AUDITORY PERCEPTION OF OBJECTS. SKETCH OF THE THEORY AND RELEVANT EXPERIMENTS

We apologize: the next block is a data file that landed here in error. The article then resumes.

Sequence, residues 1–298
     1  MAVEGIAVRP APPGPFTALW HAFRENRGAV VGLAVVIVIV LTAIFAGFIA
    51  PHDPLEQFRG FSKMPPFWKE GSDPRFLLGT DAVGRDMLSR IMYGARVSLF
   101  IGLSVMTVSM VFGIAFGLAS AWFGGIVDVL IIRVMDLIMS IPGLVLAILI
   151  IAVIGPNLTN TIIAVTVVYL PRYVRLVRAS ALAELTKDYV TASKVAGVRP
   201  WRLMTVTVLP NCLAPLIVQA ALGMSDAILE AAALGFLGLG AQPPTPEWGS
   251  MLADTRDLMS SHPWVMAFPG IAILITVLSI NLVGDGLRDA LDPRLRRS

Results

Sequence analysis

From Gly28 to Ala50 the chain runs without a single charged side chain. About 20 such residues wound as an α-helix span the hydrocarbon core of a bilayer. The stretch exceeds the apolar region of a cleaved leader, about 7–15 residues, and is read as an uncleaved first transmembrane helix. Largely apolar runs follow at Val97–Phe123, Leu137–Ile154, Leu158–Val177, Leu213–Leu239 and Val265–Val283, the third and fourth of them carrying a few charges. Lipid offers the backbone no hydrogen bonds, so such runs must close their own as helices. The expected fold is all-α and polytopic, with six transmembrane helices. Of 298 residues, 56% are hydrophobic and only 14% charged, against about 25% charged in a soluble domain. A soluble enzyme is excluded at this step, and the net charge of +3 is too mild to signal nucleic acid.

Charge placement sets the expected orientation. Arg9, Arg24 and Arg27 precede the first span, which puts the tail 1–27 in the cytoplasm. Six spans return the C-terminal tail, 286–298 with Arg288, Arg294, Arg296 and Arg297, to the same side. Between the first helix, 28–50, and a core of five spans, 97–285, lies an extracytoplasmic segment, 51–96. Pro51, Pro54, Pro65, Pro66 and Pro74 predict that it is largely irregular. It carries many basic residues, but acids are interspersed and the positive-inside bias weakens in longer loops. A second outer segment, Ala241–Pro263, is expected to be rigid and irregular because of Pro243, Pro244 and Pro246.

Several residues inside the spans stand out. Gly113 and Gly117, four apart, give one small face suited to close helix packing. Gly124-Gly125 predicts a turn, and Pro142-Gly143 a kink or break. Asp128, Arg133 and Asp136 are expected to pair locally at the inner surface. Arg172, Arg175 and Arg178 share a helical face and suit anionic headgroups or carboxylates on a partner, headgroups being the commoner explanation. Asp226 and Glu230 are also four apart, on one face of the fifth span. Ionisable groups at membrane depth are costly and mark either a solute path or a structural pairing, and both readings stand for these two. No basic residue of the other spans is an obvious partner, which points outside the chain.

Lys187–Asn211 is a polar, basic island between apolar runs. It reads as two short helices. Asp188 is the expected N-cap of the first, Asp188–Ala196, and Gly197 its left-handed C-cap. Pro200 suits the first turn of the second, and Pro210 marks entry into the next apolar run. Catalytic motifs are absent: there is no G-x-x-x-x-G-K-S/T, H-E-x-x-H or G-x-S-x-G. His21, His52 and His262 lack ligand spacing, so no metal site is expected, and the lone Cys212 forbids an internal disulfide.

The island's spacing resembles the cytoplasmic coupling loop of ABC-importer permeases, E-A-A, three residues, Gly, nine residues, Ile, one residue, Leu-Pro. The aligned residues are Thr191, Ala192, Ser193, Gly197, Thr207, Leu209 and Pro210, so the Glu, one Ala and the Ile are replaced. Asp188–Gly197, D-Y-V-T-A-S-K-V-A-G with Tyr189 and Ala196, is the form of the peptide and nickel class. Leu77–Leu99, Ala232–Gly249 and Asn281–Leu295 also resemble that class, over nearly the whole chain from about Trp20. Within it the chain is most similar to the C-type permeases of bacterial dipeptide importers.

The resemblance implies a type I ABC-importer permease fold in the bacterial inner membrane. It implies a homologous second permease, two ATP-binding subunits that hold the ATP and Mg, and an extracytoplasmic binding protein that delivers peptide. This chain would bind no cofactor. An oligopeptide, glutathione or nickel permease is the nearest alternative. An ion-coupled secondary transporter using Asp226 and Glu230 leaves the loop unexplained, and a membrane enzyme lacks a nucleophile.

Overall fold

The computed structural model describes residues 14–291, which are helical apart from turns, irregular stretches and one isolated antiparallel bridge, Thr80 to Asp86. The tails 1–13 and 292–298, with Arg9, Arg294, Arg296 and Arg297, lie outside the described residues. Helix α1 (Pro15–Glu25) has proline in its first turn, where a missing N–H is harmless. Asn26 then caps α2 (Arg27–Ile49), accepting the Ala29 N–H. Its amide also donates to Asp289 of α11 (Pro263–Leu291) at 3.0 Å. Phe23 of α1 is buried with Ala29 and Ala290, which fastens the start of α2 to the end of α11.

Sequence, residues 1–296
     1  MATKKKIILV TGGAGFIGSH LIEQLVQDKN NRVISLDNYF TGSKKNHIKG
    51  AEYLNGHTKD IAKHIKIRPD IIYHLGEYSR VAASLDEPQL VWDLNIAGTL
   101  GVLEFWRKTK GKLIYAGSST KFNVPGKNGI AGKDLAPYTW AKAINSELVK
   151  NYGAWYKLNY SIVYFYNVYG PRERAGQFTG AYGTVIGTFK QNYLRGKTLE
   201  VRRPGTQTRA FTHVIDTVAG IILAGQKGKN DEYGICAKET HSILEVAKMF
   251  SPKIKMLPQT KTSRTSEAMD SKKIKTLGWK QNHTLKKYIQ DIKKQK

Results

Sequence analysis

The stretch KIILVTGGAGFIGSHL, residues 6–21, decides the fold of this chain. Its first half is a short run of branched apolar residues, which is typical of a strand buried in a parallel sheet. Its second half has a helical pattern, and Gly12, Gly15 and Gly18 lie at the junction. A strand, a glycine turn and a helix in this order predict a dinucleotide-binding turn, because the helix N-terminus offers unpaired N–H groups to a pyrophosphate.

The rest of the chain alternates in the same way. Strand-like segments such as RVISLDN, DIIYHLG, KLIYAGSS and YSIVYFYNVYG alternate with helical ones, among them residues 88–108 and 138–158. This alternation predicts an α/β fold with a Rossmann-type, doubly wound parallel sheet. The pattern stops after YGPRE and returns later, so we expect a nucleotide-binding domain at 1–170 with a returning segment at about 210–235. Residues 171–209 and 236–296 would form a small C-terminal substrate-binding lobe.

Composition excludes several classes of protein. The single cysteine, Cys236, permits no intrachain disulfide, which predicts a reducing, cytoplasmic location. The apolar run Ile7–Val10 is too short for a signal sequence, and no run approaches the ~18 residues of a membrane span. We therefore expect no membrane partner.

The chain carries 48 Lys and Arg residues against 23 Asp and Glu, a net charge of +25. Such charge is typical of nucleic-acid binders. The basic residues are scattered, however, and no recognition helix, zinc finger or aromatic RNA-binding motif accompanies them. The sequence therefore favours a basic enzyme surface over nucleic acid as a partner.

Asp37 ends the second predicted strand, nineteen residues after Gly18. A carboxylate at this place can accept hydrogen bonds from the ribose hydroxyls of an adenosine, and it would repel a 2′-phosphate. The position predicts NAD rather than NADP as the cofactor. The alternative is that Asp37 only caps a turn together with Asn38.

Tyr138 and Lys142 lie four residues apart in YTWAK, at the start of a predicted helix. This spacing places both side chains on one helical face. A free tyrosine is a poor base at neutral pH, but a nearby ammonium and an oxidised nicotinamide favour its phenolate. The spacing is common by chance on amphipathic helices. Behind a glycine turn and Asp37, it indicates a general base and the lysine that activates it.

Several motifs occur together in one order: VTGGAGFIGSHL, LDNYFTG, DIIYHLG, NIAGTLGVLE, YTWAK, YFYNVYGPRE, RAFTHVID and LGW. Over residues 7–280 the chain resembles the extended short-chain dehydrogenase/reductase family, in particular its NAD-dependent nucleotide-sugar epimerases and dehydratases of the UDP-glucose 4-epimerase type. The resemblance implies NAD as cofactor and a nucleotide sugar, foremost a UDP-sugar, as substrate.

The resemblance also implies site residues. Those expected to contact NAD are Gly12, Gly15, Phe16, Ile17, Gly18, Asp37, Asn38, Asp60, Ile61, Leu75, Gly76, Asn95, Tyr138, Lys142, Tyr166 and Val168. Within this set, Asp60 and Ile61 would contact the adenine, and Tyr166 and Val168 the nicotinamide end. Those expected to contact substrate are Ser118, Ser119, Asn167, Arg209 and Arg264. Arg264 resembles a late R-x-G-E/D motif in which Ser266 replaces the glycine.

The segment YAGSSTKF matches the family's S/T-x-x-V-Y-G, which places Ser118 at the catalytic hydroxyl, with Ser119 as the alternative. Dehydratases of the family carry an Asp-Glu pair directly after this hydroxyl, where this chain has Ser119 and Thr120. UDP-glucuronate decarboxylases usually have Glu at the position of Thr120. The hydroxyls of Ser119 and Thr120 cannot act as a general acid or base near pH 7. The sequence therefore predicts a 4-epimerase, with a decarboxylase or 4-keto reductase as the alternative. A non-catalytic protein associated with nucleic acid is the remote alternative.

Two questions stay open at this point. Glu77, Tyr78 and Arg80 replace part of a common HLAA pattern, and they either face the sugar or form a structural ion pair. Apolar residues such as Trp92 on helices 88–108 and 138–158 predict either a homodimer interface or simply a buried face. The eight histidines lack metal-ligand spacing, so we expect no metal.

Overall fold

This paper aims to prove that the basic function of audition is similar to the function of vision. Both perceptual faculties provide us with information about objects in an environment. Vision helps to extract information from electromagnetic waves and audition extracts it from acoustic waves. The auditory recognition of objects in an environment is a complex task. It cannot be accomplished in a one-level process. Inspired by Marr's proposal, we postulate that auditory information extracted from natural (environmental) sounds is processed on three levels. These are: the level of acoustic audition, the level of auditory spacing (the localization and distance of a sound source), and the level of auditory recognition of an object's properties (such as its motion, weight, size, form or material). The assumption that the auditory system performs different tasks on each level needs empirical support. We designed and performed experiments to test some of these processes. The first experiment investigated the perception of 'auditory contours'. In the second the auditory estimation of differential mass thresholds was examined. In the third experiment, the auditory perception of the velocity of a moving sound source was studied. In consequence, the differential velocity thresholds of the sound source were identified.
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